For the U.S., this was pretty much a mixed bag. In terms of obesity, which is partly a product of poor food choices, food availability, and nutritional education, we finally ranked number one...sort of. We were ranked as the most obese nation among industrialized nation with 36.4% of the country overweight, beating out New Zealand , Hungary, and Australia. Of course, obesity greatly affect your health and life expectancy. Again we were number one in terms of amount spent per person on healthcare at around $9,500 compared to Germany which spends about $6,200 per individual.

In terms of healthcare, the U.S. has the least number of available hospital beds (which, by extension, translates to access to overall care). While we had 2.9 beds available per 1000, France had 6.2 while Germany had 8.2. South Korea had 11.7 while Japan had 13.2. When it comes to life expediency, we are again at the bottom of the list of industrialized nation. The average life expediency for Americans was 78.8 years while for every other country on the list it was in 80's. In Israel, it was 82.2 years. In Italy it was 83.3 years, and in Japan, which tops the list, it was 83.7 years.

When we look at gender equality, the U.S. ranked last with the number of women serving on corporate boards of directors (including that of president and/or CEO) with an average of 16.2% On the other end was Iceland with 44%. Norway had 41% and France had 37%. Denmark, Germany, the UK and Belgium all had 27%.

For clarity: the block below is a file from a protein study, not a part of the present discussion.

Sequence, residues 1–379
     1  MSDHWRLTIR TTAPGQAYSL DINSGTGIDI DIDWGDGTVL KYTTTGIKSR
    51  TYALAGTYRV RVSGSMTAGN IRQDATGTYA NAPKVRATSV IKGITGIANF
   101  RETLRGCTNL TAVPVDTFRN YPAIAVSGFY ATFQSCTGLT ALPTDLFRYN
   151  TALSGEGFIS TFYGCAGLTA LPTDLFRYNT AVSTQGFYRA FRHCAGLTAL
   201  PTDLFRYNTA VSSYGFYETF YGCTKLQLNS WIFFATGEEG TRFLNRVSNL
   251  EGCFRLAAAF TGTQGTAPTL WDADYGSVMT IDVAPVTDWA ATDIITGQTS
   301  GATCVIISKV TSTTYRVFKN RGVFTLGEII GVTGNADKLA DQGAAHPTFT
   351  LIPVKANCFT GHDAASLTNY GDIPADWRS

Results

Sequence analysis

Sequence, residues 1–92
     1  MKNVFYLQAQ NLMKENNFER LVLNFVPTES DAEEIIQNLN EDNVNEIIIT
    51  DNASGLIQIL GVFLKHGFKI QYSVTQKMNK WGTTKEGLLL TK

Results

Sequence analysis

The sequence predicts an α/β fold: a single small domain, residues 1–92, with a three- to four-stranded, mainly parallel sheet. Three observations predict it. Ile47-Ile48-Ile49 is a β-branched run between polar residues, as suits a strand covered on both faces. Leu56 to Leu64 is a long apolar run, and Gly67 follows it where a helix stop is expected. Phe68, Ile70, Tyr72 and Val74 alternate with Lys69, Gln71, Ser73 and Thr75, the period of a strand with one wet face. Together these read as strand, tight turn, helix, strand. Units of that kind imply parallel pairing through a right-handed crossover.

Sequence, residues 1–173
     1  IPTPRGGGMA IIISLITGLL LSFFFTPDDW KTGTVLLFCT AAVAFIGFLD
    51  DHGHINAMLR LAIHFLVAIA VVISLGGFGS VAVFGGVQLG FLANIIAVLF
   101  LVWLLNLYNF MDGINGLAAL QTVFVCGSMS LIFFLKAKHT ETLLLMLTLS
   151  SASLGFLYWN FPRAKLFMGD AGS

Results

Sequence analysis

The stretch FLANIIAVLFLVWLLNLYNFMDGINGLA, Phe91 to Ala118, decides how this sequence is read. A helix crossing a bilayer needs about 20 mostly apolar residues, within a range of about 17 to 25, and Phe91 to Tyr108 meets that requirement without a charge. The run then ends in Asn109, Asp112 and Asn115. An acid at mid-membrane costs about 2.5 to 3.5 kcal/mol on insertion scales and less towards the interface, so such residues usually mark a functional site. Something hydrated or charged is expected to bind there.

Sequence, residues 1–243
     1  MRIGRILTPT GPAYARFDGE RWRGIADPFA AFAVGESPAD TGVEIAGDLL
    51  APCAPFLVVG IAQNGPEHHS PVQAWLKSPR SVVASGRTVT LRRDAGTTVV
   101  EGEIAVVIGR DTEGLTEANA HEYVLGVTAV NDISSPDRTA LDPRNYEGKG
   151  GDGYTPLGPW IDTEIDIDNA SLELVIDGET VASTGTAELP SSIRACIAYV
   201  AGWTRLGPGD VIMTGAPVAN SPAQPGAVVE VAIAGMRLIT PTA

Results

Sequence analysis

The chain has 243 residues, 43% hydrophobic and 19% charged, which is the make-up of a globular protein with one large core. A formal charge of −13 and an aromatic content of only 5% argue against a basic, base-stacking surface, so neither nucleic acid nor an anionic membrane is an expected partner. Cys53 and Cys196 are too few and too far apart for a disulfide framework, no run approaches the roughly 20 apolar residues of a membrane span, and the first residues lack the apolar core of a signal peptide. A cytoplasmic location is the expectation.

In terms of energy, Americans have full access 24/7/364, despite an ageing, and in many cases, outdated electrical grid. However, what we don't have is access to renewable energy. Not only are we dead last, even Europe and Central Asia ranked higher than us (12% compared to 24.3%). The world, on average, gets 20.9% of its energy output from renewable sources. With respect to our infrastructure (roads and highways, bridges, sewers, etc), we again ranked last. On average, just 0.6% of our GDP was invested in repairing and/or updating our existing infrastructure. Australia, on the other hand, invested 1.9% of its GDP. Canada invested 1% of its GDP as did South Korea, Japan and France.

Another important factor to consider when looking at a nation's overall wellbeing is how affluent that country is. We've heard a lot about income inequality in the U.S., but just how bad is it really? According to the World Economic Forum, it's pretty bad. In fact, it's actually worse than we know. Despite America's overall prosperity, that wealth doesn't extend down to everyone. The WEF reported that of the top 30 industrialized nations, the U.S. ranked toward the bottom in income equality; 23rd to exact. It's wasn't just wages paid in which the U.S. lagged, but also in terms of its social safety net.